Our Familia Already Taught Us How to Eat Sustainably Now It’s Time to Tap In

Our Familia Already Taught Us How to Eat Sustainably Now It’s Time to Tap In

Making the most out of our pantries and growing our foods--Latinos have always been about sustainability.

Apr 21, 2023

By Shayne Rodriguez Thompson | @writershayneaja 

When I think about how I was fed during my childhood, I think about having arroz con habichuelas at least a few times a week and ensalada every night. I think about picking tomatoes from the backyard garden, margarine containers filled with sofrito and leftovers for the next day, the most delicious smells wafting through the kitchen as I did my homework while mom chopped vegetables beside me, and how there was always another chair for someone to pull up at the dinner table. My food memories are strong, and I can’t say how many times I’ve silently thanked my parents for teaching me how to cook and be comfortable in the kitchen.

Now that I’m a mom myself and living in this time of outrageous inflation, I often thank them for teaching me how to prepare the yummiest meals from our Puerto Rican culture and how to make the most of my pantry and freezer. I thank them for showing me how to grow my own food and, perhaps most importantly, teaching me how to take inexpensive and humble ingredients and stretch them to feed my entire family and anyone who might pop up at my door around dinner time.

Largely from poor and underdeveloped countries, hard-working immigrants living in or near expensive American cities, Latinos have always had to make it work. While our practices and methods have, of course, changed and evolved, our traditions are rooted in us, and when we need to get back to basics, they can help us to do so seamlessly and without feeling deprived.

We come from places where people have traditionally — and in many cases, still do — grow their own food. Our family members in Puerto Rico, Peru, the Dominican Republic, Mexico, and so on often picked vegetables and fruits right from their very own yards on a daily basis. We remember visiting our tías and tíos on the island, chasing down chickens for dinner. We ate a lot of rice or tortillas, with a bit of well-seasoned and sauced meat, and whatever veggies we grew at home or were on sale at the market. It may have been cheap, but we still remember those flavors and how they made our bellies feel safe and loved. 

Whether we are taking a $3 bag of rice and stretching it to feed four or five people for a couple of weeks or cutting up a giant pork roast we got on special into small chunks to make carne frita for the whole family, making the most out of the least is ingrained in us. We don’t waste, we freeze or preserve it to enjoy later. We take those leftover boiled viandas — the yucca, the plátanos, the guineos, and the malanga — and drizzle them with a little more olive oil or butter and a sprinkle of adobo to have a comforting, filling, and nutrient-rich lunch the next day. 

Many of us know how to eschew convenience items and pre-packaged foods in favor of the more affordable and eco-friendly homemade and hand-chopped options because, well, those things were foreign to our mamis and abuelas, so they never used them. Pre-chopped cebollas? ¡Fo! We can do it ourselves because mami made us sit by her side and learn how to because why waste the money?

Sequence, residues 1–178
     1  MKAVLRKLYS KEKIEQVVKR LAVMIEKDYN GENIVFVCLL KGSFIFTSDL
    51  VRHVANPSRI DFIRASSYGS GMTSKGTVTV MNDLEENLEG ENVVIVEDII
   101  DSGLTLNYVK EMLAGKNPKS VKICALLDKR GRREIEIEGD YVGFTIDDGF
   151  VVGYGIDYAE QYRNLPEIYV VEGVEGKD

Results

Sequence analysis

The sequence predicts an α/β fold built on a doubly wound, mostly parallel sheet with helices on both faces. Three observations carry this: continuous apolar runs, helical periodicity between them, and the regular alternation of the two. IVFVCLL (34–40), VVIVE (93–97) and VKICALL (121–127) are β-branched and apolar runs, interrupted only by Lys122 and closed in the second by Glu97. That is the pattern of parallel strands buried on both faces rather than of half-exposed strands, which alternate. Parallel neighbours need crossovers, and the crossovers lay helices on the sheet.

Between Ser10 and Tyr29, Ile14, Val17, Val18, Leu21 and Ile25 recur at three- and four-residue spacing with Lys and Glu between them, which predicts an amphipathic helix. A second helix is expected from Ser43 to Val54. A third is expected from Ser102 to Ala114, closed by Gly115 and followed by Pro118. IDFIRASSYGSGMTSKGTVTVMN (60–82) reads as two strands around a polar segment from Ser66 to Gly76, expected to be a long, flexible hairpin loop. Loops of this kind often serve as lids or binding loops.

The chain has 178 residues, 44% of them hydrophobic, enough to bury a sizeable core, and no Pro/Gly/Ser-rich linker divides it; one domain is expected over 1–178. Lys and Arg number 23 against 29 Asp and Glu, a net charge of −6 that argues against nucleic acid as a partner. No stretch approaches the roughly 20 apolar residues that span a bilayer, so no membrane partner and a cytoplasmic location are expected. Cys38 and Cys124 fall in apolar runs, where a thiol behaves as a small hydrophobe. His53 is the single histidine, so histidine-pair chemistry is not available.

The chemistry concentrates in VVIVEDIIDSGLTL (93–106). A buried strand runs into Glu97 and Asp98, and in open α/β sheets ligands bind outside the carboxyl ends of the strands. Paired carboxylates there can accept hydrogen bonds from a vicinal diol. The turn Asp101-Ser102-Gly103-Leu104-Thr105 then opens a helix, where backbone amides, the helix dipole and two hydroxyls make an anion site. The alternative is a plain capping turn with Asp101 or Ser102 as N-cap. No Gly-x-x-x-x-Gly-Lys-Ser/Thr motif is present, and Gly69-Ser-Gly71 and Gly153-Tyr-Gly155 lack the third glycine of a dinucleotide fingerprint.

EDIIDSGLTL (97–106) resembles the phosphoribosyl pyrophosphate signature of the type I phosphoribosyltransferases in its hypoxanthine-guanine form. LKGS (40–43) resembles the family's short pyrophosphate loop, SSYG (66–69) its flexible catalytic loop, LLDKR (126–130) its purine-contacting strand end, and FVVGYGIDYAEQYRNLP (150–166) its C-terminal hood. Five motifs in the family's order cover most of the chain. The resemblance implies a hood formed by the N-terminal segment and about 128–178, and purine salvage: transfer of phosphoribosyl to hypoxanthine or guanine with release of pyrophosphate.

To this day, some of my fondest memories are of me and my dad tending to the garden of our New Jersey home with the summer sun shining down on me. He grew tomatoes, peppers, herbs, and pepinos, which we used to make salads and sofrito. My dad also used those peppers to make his own pique. We ate from that plot all summer long. 

Because of that, I’ve always grown a garden in some form, whether a pot of herbs on my porch or wide garden beds in my backyard. It’s something I’ve done for over 15 years, knowing it didn’t have to be too complicated. I’ve never had to over-think it like I see so many people do today because, well, he taught me that if I put seeds in the dirt and give them a bit of water, food would grow. 

He knows because he had to do it growing up in Puerto Rico because sometimes, not having food you grew yourself meant you didn’t have food to eat at all. And honestly, it saves me so much money and has helped me introduce my own children to healthy foods and show them how tasty eating fresh, nutritious foods can be.

boy and girl in grass

These skills are almost innate to us. It reminds me of how Puerto Ricans on the island banded together with their communities in the wake of Hurricane Maria to restore the land, so they could grow more of their own food and live more sustainably, just the way our ancestors did, and not have to rely solely on the government or corporations for survival. But, it doesn’t just have to be in times of crisis that we return to our roots. Regardless of how removed we are from our family’s countries of origin and the old ways of life, we can return to them — commit to them — at any time. 

It’s in times like these — when eggs can cost as much as $8 a dozen and a loaf of bread is $6 — that I’m incredibly grateful that while some of our Latinx traditions and ways of life have gone by the wayside, the longer our families have been in the US, there are some things that just stick with us. We can use them and teach them to our children, knowing that we, too, can pass down the beautiful and practical methods that our mothers and fathers and abuelos and bisabuelos taught us.

So many sustainable practices are just a part of us. Even if we haven’t used them for a long time, we know them, and we have those memories to draw from. We are familiar with them, and when we need them, we can return to them again and again and hopefully commit to practicing them with regularity, not just to benefit our wallets but to help make our planet a safer and healthier place for everyone.